Here’s a sample Call to Action!
Read about the launch of the Portuguese/Brazilian version of ABAYOMI, THE BRAZILIAN PUMA.
Follow Darcy Pattison – Children’s Book Author’s board Puma Cubs (Cougar, Mountain Lion, Panther) on Pinterest.
Downloadable List. Librarians and teachers often want a printable book list with a bio, so be sure to add a .docx or .pdf version with a link to download (and keep it updated).
Keeping series in order. Often a fan will look for information on the sequence of books in a series. What title is the first one? Second one? And so on. Sometimes, there’s a discussion about reading a series in the order they were published, or in chronological order within the world of the stories, or the order in which they were written. You can satisfy the curious reader by providing all three series orders, if you like. But give them some sort of ordered list to keep them happy.
Forthcoming books. It’s never too early to get readers excited about your next book. As soon as you can get your next book(s) listed on your BOOKS page. It’s always fun to do blog posts of cover reveals, to offer advance copies or free sample chapters. Remember that your readers want to know this information! You are giving them exactly what they want.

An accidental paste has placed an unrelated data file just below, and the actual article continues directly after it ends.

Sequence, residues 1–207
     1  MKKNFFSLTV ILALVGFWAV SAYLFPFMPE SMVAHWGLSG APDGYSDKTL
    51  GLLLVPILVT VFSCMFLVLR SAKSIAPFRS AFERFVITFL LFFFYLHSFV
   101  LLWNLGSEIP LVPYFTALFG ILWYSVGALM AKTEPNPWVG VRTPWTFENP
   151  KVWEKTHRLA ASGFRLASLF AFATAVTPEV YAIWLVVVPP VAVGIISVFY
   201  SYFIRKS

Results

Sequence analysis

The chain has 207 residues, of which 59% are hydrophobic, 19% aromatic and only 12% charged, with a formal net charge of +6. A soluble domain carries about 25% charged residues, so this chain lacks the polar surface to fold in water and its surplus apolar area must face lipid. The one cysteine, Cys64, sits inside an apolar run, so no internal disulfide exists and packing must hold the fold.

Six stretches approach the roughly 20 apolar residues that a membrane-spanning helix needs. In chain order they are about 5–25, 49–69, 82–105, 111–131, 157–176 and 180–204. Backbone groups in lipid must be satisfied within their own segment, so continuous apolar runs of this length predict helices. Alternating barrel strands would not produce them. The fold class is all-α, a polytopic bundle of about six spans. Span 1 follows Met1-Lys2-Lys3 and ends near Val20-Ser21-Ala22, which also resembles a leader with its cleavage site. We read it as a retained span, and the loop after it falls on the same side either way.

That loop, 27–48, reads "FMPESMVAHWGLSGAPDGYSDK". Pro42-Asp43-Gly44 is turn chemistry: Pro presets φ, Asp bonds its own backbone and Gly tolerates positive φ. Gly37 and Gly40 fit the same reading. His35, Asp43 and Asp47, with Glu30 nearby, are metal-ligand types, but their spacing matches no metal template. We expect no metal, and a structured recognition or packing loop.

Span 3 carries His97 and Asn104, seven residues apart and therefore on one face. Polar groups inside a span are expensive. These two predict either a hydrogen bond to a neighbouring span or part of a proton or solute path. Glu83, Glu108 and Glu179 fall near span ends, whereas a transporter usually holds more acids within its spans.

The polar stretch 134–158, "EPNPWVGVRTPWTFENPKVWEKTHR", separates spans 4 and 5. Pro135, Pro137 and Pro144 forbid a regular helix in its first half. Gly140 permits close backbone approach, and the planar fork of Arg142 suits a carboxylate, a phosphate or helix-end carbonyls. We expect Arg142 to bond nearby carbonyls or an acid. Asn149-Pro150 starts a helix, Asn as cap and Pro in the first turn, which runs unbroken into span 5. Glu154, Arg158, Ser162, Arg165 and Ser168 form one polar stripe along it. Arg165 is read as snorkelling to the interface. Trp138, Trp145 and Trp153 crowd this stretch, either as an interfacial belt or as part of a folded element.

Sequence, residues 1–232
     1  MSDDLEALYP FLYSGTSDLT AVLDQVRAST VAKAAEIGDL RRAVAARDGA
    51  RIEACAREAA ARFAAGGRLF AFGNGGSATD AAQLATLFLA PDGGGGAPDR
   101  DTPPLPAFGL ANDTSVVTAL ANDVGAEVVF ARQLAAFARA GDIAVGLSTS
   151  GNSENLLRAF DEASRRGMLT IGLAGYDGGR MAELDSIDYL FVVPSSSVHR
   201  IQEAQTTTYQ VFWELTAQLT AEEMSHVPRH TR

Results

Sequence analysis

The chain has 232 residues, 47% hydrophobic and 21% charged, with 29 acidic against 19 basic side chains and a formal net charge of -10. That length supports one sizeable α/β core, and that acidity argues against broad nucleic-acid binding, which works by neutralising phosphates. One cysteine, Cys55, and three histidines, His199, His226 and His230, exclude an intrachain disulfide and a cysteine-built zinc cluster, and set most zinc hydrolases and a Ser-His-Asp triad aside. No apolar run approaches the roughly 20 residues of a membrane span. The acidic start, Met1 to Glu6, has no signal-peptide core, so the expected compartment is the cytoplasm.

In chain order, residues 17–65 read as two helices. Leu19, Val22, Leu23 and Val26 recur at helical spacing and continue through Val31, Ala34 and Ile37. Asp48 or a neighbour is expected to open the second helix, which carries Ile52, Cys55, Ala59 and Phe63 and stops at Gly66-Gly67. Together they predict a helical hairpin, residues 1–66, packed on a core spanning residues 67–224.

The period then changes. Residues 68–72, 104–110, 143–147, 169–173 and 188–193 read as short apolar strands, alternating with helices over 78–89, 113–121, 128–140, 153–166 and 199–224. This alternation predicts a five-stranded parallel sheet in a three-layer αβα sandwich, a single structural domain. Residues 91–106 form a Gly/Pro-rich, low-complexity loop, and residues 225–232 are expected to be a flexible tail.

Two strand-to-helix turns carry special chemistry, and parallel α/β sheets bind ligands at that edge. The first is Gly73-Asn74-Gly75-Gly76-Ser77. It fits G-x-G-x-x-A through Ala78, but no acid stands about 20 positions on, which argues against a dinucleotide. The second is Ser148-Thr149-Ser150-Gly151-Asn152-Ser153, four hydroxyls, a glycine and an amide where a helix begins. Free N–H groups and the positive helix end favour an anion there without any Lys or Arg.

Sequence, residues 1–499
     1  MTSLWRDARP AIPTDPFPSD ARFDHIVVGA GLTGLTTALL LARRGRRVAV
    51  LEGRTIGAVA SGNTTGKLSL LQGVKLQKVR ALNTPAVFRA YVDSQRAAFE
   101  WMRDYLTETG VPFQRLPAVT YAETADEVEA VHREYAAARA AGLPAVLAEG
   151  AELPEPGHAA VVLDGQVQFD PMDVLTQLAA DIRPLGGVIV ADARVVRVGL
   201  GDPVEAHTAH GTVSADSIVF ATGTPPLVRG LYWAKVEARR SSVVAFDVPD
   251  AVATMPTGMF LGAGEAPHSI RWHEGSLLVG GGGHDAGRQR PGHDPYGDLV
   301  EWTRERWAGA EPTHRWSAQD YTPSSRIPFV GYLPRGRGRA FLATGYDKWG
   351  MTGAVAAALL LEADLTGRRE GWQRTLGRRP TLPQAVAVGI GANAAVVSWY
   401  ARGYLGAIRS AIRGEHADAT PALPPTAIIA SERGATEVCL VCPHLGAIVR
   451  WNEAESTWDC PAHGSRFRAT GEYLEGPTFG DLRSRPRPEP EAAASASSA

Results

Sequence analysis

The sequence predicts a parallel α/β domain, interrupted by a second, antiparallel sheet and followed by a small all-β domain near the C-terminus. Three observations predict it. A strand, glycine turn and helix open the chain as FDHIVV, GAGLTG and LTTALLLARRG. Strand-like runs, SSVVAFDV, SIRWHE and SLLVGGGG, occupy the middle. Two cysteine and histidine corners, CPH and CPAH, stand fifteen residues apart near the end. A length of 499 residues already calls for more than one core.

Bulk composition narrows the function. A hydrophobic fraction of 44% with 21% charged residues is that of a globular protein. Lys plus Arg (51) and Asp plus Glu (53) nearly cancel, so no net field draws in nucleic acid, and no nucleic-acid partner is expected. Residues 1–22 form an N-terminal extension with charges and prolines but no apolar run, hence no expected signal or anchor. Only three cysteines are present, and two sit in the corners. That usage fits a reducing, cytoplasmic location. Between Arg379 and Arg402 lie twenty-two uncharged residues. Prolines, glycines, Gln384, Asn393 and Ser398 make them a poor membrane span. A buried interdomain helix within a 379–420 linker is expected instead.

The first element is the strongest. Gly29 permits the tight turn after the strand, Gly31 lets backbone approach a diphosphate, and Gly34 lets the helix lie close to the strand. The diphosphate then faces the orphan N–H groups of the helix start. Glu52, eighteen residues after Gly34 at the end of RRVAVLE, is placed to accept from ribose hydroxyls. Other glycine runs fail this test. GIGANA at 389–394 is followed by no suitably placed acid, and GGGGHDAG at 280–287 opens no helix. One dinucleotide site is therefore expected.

Give Readers What They Want
Let’s remind ourselves of what readers want when they visit an author website:
- Exclusive, unpublished writing. 43% of survey respondents said they return regularly for exclusive content.
- Insider Information. 36% of readers (especially men) want “insider” tidbits.
- Freebies. 33% want downloadable extras like icons and sample chapters.
- Fans under the age of 35: contests, puzzles, and games, with prizes like autographed copies of books.
How can you implement some of these things on the BOOKS Page? Some of these could go on a NEWS Page, too—you’ll have to decide if you want the content in just one place or in multiple places.